後突き

Rear thrust with a jo

Aikido Ranking System

 Below is a basic chart of the most widely accepted form of the Aikido ranking system.  Like most modern Budo, Aikido uses the “kyu/dan” system rather than the traditional “menkyo” or license system of the koryu (Classical martial arts).  This is the system used by the Aikikai Foundation and the USAF.  All ranks are generally list from lowest to highest. 

Yukyusha and Mudansha

有級 or 無段者

“One with a class ranking” and “One without a black belt.”  These terms are interchangeable and usage depends on the dojo, organization or individual.

Yudansha

有段者

“One with a degree rank” or a black belt.  In the USAF, all yudansha are registered with the Aikikai Hombu Dojo in Shinjuku, Tokyo, carry and International Yudansha Card, and are allowed to wear hakama.

Gokyu

五級

“Fifth class,” the lowest of all Aikido ranks in the USAF and the first rank a student tests for.  While some are considered roku-kyu or “sixth class” in some dojo and organizations, this is no the generally accepted practice.

Yonkyu

四級

“Fourth class”

Sankyu

参級

“Third class”

Nikyu

弐級

“Second class”

Ikkyu

壱級

“First class”

Shodan

初段

“First degree,” the first level of black belt.  Technically, the rank doesn’t mean “the first” but rather “the beginning.”

Nidan

弐段

“Second degree”

Sandan

参段

“Third degree”

Yondan

四段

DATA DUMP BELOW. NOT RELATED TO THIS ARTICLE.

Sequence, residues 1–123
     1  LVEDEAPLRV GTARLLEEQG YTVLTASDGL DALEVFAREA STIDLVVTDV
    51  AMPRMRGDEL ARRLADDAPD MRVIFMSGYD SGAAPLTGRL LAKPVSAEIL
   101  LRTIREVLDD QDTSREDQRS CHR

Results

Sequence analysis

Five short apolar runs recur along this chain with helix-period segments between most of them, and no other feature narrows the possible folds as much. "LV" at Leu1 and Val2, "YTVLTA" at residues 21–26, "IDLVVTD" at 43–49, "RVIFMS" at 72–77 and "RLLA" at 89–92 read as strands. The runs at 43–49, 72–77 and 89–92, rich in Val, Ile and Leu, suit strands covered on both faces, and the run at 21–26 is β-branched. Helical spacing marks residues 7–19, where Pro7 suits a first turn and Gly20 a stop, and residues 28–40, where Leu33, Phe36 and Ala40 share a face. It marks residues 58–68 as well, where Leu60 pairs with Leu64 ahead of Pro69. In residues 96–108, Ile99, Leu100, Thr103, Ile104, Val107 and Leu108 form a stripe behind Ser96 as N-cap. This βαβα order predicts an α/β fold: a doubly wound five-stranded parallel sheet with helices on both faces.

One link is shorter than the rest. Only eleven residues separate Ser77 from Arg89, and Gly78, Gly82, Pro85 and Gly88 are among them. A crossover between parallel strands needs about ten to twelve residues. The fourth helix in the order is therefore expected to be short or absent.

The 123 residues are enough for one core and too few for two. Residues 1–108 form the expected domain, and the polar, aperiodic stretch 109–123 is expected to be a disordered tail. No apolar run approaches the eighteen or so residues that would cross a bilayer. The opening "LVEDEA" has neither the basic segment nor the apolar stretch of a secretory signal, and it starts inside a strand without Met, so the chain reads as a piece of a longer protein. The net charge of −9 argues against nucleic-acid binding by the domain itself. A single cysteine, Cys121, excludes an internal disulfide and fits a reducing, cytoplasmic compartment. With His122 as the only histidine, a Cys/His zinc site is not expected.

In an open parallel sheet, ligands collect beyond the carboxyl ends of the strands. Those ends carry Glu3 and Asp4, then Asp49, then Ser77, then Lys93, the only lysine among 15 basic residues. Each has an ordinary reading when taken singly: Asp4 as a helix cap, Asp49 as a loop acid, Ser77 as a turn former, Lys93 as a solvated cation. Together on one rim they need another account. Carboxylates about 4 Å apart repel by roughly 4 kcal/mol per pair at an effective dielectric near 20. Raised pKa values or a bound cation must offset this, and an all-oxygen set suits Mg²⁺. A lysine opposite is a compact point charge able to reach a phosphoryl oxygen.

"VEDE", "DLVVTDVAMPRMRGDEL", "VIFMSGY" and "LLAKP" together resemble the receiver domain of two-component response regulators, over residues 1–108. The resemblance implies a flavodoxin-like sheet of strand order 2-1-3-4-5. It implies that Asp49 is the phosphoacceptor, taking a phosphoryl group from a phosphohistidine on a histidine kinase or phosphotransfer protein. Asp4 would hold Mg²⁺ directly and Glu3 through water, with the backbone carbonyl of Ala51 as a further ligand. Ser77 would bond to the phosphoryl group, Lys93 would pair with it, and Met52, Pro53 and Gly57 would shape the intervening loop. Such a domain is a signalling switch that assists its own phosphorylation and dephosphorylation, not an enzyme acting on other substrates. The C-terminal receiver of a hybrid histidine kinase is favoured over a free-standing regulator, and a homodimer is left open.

“Fourth degree”

Godan

五段

“Fifth degree”

Rokudan

六段

“Six degree”

Nanadan

七段

“Seventh degree”

Hachidan

八段

“Eight degree”

Fuku-shidoin

副指導員

Lowest Instructor’s title.  An assistant instructor.  Usually a lower level yudansha but above shodan.  Minimally a 2nd degree black belt, but usually higher.

Shidoin

指導員

Certified Instructor.  A shidoin is generally a veteran yudansha and the head of their own dojo.  Minimally a 4th degree black belt, but usually a 5th degree or higher.

Shihan

師範

Top Instructor’s title.  "master" in Japanese.  An official rank presented by the Aikikai to individuals who hold the rank of 6th degree black belt and above, who generally teach Aikido professionally, either at the Hombu Dojo in Tokyo, or in one of the Aikikai's affiliate organizations in Japan or abroad.

Doshu

道主

The Headmaster or Master of the Way.  The first doshu was O-sensei, and has traditionally been a direct descendant of O-sensei.  The current doshu is the grandson of O-sensei.

 Hombu International Regulations, Ch. 3, Art. 6, Sec. 2 lists that dan rankings be from one to eight.  While one may hear of there being ninth and tenth degrees, we may assume that these ranks are no longer being issued by the Aikikai.  At 2005, there are several ninth degree black belts extant.  We are unsure about any living tenth degrees at this time.

  The original glossary was compiled in 2002 as part of the Harvard Aikikai's website by Jeffery Bayliss and Daryl Muranaka to reflect general Aikido terms and some terms particular to their respective training histories. Harvard Aikikai is proud to share this expanded version of the glossary with the MIT Aikido Club so that it may be posted on both websites.